Novartis has reached an agreement with the US Food and Drug Administration (FDA) to proceed with a Phase III clinical trial with approximately 440 patients to evaluate the use of hydroxychloroquine for the treatment of hospitalized patients with COVID-19 disease. The clinical trial drug supply will be provided by Sandoz, the generics and biosimilars division of Novartis.
The large trial sponsored by Novartis will be conducted at more than a dozen sites in the United States. Novartis plans to begin enrollment for this study within the next few weeks and is committed to reporting results as soon as possible. To help achieve broad access to hydroxychloroquine as quickly as possible in these extraordinary circumstances, Novartis will make any intellectual property within our control that relates to the use of hydroxychloroquine to treat or prevent COVID-19 available through non-exclusive voluntary licenses, appropriate waivers, or similar mechanisms.
“We recognize the importance of answering the scientific question of whether hydroxychloroquine will be beneficial for patients with COVID-19 disease,” said John Tsai, Head of Global Drug Development and Chief Medical Officer at Novartis. “We mobilized quickly to address this question in a randomized, double-blind, placebo-controlled study.”
As the new virus continues to spread and claim lives around the globe, doctors and patients are eager for treatment options. In some cases, clinicians are evaluating drugs that have been approved for other diseases, hoping that these will also work against COVID-19.
Patients in the trial will be randomized into three groups. The first group or arm will receive hydroxychloroquine. The second group will receive hydroxychloroquine in combination with azithromycin, which is an antibiotic therapy. The third group will receive placebo. Patients in all treatment groups are receiving standard of care for COVID-19. Researchers at the company compressed months of work into a few weeks to design the large clinical trial in order to rapidly respond to the need for COVID-19 disease treatments.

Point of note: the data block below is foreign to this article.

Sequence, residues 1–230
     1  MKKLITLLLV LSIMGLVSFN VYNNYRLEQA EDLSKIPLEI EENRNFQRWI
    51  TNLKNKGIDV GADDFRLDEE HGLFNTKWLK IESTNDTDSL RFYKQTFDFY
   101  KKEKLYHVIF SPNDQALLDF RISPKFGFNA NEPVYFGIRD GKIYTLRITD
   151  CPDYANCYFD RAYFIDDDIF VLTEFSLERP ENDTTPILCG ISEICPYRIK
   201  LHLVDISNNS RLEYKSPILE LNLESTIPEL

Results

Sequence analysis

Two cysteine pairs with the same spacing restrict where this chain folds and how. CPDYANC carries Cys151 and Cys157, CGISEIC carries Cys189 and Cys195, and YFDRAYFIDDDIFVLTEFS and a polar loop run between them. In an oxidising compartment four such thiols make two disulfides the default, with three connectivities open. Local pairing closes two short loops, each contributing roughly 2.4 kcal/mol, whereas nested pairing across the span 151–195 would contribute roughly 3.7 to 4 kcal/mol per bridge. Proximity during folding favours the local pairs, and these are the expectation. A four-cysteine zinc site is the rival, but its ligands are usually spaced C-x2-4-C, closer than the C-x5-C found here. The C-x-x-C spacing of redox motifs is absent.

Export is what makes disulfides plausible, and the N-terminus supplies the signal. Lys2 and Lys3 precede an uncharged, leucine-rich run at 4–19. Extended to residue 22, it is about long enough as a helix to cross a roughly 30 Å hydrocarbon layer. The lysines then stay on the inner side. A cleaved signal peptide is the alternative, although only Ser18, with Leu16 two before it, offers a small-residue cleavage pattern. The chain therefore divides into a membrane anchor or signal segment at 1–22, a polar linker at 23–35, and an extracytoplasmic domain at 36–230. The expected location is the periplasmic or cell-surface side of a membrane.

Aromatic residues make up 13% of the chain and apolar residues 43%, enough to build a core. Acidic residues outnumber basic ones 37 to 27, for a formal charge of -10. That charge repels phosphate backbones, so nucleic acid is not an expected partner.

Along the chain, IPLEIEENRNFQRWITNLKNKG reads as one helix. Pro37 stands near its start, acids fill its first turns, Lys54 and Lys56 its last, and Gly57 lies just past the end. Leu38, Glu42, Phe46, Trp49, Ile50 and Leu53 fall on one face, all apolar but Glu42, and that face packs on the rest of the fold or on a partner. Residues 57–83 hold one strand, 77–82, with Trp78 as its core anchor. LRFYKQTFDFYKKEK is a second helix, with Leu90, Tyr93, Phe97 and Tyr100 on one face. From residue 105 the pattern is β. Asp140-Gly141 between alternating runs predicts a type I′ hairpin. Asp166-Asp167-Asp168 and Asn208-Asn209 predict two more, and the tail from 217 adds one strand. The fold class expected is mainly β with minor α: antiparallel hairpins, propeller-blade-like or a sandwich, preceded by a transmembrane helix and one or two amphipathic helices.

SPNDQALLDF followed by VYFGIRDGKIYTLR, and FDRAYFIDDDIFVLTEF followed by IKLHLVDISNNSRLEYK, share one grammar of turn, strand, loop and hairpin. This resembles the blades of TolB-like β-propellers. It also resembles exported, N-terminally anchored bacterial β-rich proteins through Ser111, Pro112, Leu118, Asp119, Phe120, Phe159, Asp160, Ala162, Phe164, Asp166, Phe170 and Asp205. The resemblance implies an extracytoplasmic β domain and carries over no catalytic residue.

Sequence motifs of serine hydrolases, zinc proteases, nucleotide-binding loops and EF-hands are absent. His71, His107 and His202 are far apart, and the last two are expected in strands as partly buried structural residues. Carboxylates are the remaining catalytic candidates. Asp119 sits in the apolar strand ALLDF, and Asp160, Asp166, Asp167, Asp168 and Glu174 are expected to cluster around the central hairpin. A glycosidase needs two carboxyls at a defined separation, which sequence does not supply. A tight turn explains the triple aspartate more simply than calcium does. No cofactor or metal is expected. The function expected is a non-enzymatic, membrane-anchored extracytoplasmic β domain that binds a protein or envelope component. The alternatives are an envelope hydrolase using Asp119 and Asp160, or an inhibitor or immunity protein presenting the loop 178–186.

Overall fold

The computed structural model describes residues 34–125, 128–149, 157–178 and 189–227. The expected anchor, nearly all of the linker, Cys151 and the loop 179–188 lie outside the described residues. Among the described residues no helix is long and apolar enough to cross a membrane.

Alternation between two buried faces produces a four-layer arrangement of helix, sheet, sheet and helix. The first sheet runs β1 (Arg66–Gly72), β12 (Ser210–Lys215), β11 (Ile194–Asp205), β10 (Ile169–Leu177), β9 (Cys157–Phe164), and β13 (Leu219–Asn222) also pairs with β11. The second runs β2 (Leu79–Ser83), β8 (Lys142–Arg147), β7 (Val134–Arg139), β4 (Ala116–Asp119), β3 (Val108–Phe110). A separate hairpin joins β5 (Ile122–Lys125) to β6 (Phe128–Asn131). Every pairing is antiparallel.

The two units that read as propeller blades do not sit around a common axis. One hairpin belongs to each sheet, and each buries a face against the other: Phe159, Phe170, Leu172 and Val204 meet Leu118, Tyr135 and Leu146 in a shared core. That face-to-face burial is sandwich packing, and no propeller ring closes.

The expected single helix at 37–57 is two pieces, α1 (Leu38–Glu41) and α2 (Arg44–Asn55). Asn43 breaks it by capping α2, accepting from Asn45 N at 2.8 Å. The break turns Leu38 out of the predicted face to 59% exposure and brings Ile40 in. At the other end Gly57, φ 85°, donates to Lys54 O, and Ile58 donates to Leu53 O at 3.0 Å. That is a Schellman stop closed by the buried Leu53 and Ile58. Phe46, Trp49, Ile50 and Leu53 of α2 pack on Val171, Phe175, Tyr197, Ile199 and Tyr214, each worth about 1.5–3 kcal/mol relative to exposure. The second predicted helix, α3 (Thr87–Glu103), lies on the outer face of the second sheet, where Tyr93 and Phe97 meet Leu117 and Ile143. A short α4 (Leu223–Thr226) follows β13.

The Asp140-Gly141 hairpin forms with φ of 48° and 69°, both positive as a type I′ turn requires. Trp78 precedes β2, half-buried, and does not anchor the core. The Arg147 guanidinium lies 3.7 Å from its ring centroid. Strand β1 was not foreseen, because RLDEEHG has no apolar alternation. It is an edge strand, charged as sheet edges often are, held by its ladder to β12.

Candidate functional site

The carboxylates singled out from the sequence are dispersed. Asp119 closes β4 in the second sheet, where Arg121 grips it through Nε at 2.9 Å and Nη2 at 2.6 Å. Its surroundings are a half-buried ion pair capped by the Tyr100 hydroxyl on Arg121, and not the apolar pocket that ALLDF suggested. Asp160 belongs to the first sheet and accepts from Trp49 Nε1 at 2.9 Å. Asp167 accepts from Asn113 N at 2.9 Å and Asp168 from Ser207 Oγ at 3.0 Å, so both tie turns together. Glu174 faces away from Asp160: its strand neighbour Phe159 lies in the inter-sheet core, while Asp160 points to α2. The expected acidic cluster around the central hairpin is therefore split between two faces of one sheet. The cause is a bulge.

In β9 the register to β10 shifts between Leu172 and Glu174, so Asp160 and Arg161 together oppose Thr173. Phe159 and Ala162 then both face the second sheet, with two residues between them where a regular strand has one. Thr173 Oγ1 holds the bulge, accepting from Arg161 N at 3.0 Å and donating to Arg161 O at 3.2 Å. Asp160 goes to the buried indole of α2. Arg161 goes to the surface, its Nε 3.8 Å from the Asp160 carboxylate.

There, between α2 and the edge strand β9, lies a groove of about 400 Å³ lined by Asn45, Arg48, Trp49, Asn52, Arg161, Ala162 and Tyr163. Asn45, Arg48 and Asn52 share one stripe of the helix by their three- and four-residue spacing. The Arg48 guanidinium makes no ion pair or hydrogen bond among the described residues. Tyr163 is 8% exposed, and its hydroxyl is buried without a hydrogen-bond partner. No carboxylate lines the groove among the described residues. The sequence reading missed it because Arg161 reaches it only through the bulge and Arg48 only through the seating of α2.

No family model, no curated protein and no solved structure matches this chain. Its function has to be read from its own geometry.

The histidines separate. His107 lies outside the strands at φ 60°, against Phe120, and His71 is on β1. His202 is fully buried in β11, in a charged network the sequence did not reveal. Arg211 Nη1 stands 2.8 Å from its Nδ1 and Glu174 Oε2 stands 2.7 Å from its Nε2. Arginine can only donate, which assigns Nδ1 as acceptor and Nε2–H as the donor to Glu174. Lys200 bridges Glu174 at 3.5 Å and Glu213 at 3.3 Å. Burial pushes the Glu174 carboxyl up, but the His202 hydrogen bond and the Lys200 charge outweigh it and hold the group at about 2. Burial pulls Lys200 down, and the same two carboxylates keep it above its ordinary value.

The clinical trial complements a commitment by Novartis, through Sandoz, to donate up to 130 million tablets of hydroxychloroquine to supply global clinical research efforts in the event the medicine is proven beneficial for treatment of COVID-19. Sandoz has already donated 30 million tablets to the US Department of Health and Human Services and is dispatching further shipments to countries based on requests from governments around the world.
“We are donating hydroxychloroquine tablets for COVID-19 patients including for use in this and other clinical trials with the hope that researchers and healthcare workers can quickly and scientifically determine whether hydroxychloroquine can help patients around the world combat this disease,” said Richard Saynor, CEO of Sandoz. “We will continue to fulfill orders for existing customers to ensure the medicine remains available to US patients who rely on it for other indicated uses.”
As part of its research and development commitment, Novartis has formed a clinical investigation team to provide rapid access for approved clinical requests and support of clinical evaluation of its medicines to be repurposed and address the needs of patients with COVID-19 infections. In addition to hydroxychloroquine, Novartis plans to sponsor or co-sponsor clinical trials to study ruxolitinib and canakinumab for hospitalized patients with COVID-19 infections. Requests for investigator-initiated trials have been granted for COVID-19-related clinical studies of ruxolitinib, canakinumab, imatinib mesylate, secukinumab, hydroxychloroquine and valsartan.
About hydroxychloroquine in COVID-19
The drug hydroxychloroquine has garnered interest in the medical community after showing preliminary promise in small clinical studies, including one with co-administration with the antibiotic azithromycin. In addition, hydroxychloroquine has demonstrated antiviral activity against SARS-CoV-2 in laboratory tests. Hydroxychloroquine has long been used for the treatment of malaria and certain autoimmune diseases.
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